Sorry, joke-stealers: Twitter is on to you

Followers stealing your jokes? Turns out Twitter might be willing to acknowledge that you're the copyright holder, and delete copycat tweets. 

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Most of us have long given up on the idea that our stuff is safe on the internet. Posted a photo on social media? It could end up on someone else's fake profile. Written a furious Facebook rant about the Game of Thrones finale? Your "friends" will screenshot it for viral distribution. Tweeted about your cat's visits to the local kebab shop? That story now belongs to the internet

But in an unlikely turn of events, it seems that Twitter has come out on the side of content-producers. Earlier this month, Olga Lexell, a freelance writer who tweets as @runolgarun, tweeted this:

saw someone spill their high end juice cleanse all over the sidewalk and now I know god is on my side.” 

For reasons that aren't terribly clear, a load of other accounts proceeded to tweet the same thing. Then, on Friday, user @PlagiarismBad noticed that something peculiar was happening: 

In a later tweet, Lexell explained that she had asked Twitter to remove the copycat tweets:

I simply explained to Twitter that as a freelance writer I make my living writing jokes (and I use some of my tweets to test out jokes in my other writing). I then explained that as such, the jokes are my intellectual property, and that the users in question did not have my permission to repost them without giving me credit."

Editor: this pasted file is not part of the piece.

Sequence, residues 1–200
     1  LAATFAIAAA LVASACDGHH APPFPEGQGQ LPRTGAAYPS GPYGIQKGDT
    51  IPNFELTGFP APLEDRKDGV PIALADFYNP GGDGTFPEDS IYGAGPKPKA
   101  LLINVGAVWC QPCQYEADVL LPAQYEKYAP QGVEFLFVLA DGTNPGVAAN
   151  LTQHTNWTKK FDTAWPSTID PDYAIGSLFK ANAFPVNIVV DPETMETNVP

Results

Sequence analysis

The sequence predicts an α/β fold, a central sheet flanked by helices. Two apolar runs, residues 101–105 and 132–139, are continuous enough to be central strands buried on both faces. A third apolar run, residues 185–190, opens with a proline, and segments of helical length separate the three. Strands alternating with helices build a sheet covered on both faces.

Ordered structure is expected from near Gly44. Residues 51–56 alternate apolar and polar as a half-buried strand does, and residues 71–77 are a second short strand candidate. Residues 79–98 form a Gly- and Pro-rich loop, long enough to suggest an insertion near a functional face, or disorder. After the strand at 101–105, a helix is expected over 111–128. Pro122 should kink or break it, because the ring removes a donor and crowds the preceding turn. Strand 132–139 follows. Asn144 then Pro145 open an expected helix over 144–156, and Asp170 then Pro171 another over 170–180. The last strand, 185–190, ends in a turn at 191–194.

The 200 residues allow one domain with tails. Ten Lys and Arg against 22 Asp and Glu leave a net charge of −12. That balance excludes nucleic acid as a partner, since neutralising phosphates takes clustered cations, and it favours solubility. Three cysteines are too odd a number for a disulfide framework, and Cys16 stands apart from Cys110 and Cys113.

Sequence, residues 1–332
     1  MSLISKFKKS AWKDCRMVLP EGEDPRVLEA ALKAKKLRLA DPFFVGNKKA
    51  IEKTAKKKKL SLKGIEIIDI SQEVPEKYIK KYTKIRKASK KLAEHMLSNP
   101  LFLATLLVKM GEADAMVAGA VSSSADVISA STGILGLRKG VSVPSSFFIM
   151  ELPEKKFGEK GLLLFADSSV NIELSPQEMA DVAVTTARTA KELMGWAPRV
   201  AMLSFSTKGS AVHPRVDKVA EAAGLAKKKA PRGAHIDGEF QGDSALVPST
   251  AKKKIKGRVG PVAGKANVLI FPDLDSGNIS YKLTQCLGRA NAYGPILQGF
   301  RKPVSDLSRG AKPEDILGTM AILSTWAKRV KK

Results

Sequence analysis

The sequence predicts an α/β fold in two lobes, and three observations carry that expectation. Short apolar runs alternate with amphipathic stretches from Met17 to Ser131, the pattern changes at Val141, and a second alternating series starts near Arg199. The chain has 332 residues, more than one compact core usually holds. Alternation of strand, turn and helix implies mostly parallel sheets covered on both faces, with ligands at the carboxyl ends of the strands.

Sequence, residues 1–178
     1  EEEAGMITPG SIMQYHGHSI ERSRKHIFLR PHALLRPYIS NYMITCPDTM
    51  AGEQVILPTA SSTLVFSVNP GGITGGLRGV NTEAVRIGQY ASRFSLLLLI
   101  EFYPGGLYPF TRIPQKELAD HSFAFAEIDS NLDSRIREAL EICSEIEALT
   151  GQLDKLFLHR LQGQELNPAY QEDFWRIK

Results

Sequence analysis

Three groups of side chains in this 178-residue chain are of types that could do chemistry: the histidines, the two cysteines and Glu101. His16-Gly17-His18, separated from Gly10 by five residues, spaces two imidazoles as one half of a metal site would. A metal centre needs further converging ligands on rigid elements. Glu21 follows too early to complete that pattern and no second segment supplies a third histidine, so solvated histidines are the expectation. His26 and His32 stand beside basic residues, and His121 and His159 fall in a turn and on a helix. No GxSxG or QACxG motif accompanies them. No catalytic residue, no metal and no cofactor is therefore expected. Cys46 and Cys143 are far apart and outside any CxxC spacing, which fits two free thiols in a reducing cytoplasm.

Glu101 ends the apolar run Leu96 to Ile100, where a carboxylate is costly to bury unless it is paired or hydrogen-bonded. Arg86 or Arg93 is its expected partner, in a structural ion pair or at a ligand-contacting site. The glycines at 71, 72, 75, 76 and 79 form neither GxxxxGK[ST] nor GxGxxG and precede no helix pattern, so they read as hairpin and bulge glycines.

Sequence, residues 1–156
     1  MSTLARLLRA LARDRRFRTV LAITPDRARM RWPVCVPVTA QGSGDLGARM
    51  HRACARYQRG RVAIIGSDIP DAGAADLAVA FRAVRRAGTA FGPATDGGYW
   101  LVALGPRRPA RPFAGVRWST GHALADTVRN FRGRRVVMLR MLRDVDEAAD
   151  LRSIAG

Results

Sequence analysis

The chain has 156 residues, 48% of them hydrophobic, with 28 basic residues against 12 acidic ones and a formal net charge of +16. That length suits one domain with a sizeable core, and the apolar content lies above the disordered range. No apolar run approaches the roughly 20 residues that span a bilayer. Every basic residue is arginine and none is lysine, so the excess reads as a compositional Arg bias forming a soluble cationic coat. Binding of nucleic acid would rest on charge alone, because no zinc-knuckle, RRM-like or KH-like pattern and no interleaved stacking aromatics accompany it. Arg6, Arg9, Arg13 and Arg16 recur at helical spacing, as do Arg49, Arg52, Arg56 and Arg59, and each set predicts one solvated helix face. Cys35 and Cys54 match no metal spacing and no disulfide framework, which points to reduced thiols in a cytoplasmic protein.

She later told digital news site The Verge that she's reported copycat tweeters before. 

Anyone can report copyright infringement on Twitter via this online form, though the site's policy on copyright focuses on videos and images, plus "links to allegedly infringing materials". It seems, though, that the site's moderators, who check through copyright infringement reports on a case-by-case basis, were convinced by Lexell's reasoning, and other tweeting comics or writers might expect the same treatment. 

Of course, this isn't the end of the story: since other users and news sites picked up on the removed tweets, even more accounts have copied Lexell's original tweet, and she has since changed her account settings to private. Oh, the irony. 

Barbara Speed is comment editor at the i, and was technology and digital culture writer at the New Statesman, and a staff writer at CityMetric.